Jeff cleaned the pipes with his usual penchant for thoroughness that I really appreciate. Once he finished he shipped them back to me. The pipe was a real mess when he got it and I did not know what to expect when I unwrapped it from his box. I was surprised to see how well it turned out. He reamed it with a PipNet pipe reamer and cleaned up the reaming with a Savinelli Fitsall Pipe Knife. He scrubbed out the internals with alcohol, pipe cleaners and cotton swabs until the pipe was clean. He scrubbed the exterior of the bowl with Murphy’s Oil Soap and a tooth brush to remove the grime and grit on the briar and the lava on the rim top. The finish looks very good with good looking grain around the bowl and shank. Jeff scrubbed it with Soft Scrub and soaked it in Before & After Deoxidizer to remove the oxidation on the rubber. When the pipe arrived here in Vancouver for the second stop of its restoration tour it looked a lot better. I took photos before I started my part of the work. I took some close up photos of the rim top and the stem surface. I wanted to show what cleaned bowl and rim top looked like. The rim top shows some damage on the outer edge of the bowl on the right front and on the inner edge at the top of the bevel and rim top. I also took close up photos of the stem to show the tooth chatter and marks on the stem surface.  I took photos of the stamping on the sides of the shank and it is clear and readable. It is stamped as noted above. There is some staining around the shank end.    I removed the stem for the shank and took a photo of the bowl and stem to give a picture of what it looked like. It is a classically shaped British Bulldog.Now, on to my part of the restoration of this Comoy’s made Royal Falcon Bulldog. I decided to clean up the damaged rim top and inner edge of the bowl. I lightly topped the bowl on a topping board with 220 grit sandpaper. I cleaned up the inside of the bowl edges with a folded piece of 220 grit sandpaper. Once I was finished the edge looked a lot better. I polished the top of the bowl and the entirety of the bowl with micromesh sanding pads – wet sanding with 1500-12000 grit pads and wiping the briar down with a damp cloth after each sanding pad.   I rubbed the bowl down with Before & After Restoration Balm. I worked it into the surface of the briar with my fingertips to clean, enliven and protect it. I let the balm sit for a little while and then buffed with a cotton cloth and shoe brush to raise the shine. I set the bowl aside and turned my attention to the stem. I used a Bic lighter to “paint” the surface of the stem with the flame to lift the tooth marks on both sides of the stem. The heat lifted most of the tooth marks. I filled in the remaining tooth marks with clear super glue. Once the repairs had cured I filed them flat with a small file. I sanded the repaired areas with 220 grit sandpaper to smooth and blend them. I started polishing the stem with 400 grit wet dry sandpaper. Royal Falcon, Falcon Head logo on the left topside of the saddle stem was worn and would not hold any touch up material. I would not be able to preserve or restore that stamp. I polished the vulcanite with micromesh sanding pads – 1500-12000 grit pads. I wiped it down with a damp cloth after each sanding pad. I used Before & After Pipe Polish – both Fine and Extra Fine to further polish the stem.  I left a little oxidation around the stamp so as not to damage it more.   This Comoy’s Made Royal Falcon 237 Bulldog turned out to be a great looking pipe. The mixed stain brown finish on the pipe is in great condition and works well with the polished vulcanite saddle stem. I put the stem back on the bowl and carefully buffed the pipe with Blue Diamond on the buffing wheel. I gave the bowl and stem multiple coats of carnauba wax on the buffing wheel and followed that by buffing the entire pipe with a clean buffing pad. I hand buffed the pipe with a microfiber cloth to deepen the shine. The finished Royal Falcon Bulldog fits nicely in the hand and feels great. Give the finished pipe a look in the photos below. The dimensions of the pipe are Length: 5 ½ inches, Height: 2 inches, Outside diameter of the bowl: 1 ¼ inches, Chamber diameter: ¾ of an inch. The weight of the pipe was 38g/1.38oz. If you are interested in carrying on the pipe man’s legacy with this pipe send me a message or an email. I have more to work on of various brands. Perhaps one of those will catch your attention. Thanks for reading this blog and my reflections on the pipe while I worked on it.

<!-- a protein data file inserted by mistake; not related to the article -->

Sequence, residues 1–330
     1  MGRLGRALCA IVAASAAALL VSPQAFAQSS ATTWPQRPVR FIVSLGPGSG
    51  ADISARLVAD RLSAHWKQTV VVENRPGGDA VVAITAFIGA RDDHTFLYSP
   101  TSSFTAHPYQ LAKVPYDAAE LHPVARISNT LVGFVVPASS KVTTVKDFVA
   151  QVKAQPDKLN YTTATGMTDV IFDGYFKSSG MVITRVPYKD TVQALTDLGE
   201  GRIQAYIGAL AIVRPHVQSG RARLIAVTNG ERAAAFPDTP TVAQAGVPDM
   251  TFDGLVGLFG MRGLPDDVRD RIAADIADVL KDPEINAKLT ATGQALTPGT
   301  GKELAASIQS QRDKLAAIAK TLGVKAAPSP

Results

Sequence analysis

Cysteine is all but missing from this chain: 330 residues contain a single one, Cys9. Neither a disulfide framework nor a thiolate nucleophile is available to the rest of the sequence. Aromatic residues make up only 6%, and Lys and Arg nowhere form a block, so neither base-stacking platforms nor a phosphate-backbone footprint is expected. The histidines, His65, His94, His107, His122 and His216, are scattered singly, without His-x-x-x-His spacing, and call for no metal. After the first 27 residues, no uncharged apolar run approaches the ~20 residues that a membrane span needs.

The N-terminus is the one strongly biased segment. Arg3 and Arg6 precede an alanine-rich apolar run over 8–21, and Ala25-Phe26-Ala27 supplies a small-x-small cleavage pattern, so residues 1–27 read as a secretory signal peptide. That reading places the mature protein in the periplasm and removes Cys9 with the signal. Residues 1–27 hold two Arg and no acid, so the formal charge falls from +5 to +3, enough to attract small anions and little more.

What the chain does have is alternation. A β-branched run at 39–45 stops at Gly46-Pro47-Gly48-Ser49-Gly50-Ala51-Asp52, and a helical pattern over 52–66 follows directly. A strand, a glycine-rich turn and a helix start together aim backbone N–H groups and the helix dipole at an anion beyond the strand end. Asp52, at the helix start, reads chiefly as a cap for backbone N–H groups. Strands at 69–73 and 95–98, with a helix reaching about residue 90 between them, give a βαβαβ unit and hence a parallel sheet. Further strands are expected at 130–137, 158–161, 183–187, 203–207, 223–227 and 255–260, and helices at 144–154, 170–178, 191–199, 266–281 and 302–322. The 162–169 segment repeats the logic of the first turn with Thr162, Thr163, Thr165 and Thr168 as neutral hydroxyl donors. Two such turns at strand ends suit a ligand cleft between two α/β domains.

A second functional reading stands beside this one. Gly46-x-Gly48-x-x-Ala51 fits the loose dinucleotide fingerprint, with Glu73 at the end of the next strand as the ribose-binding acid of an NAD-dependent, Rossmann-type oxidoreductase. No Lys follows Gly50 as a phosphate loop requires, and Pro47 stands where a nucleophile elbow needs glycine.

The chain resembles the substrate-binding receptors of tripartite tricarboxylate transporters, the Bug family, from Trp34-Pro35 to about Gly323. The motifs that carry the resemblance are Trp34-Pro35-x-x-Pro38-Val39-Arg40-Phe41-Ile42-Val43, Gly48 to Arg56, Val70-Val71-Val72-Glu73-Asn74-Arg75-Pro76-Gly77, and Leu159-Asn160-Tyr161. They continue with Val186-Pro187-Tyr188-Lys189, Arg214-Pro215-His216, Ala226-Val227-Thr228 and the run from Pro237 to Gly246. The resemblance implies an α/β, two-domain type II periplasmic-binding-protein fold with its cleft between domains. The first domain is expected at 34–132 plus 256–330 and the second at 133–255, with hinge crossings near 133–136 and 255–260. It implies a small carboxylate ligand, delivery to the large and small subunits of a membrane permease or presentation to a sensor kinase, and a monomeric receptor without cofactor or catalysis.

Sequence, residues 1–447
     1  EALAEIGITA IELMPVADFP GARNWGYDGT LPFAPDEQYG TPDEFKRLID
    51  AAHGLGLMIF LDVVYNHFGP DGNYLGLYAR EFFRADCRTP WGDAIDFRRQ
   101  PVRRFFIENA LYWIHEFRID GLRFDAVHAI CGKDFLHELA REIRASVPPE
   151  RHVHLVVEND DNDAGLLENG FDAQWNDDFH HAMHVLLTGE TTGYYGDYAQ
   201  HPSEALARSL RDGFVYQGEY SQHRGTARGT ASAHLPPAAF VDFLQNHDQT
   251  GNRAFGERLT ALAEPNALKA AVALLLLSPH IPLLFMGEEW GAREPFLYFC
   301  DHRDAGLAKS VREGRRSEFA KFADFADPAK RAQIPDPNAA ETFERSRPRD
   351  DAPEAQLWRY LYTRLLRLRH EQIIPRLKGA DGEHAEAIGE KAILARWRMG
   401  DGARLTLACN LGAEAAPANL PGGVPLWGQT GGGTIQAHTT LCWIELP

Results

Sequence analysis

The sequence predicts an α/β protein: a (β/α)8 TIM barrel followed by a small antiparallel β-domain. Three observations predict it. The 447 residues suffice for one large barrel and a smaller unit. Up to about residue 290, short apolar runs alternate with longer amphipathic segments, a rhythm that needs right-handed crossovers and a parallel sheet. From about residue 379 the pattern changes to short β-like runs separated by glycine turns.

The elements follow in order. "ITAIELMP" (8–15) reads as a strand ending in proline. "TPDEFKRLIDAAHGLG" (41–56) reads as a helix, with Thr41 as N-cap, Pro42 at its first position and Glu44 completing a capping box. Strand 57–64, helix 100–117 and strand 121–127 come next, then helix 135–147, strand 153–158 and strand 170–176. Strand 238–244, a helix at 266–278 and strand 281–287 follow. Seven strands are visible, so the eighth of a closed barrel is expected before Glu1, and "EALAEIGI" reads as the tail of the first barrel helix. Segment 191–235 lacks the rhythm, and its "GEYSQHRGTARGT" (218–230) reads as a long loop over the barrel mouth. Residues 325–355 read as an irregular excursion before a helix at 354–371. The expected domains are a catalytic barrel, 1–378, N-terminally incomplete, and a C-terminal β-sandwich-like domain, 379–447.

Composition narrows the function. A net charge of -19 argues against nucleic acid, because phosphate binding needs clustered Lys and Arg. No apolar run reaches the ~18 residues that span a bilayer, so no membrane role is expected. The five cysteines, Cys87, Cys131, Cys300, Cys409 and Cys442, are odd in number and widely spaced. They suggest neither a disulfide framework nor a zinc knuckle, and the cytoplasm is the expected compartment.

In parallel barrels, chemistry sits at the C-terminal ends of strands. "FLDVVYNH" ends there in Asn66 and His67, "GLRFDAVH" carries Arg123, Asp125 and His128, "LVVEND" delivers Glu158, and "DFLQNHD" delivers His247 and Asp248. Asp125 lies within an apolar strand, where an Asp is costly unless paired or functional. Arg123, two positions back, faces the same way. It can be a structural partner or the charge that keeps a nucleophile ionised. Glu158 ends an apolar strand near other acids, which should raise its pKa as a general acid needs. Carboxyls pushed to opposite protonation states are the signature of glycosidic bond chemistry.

Breathing Life into a Kaywoodie Super Grain 50 Chubby Apple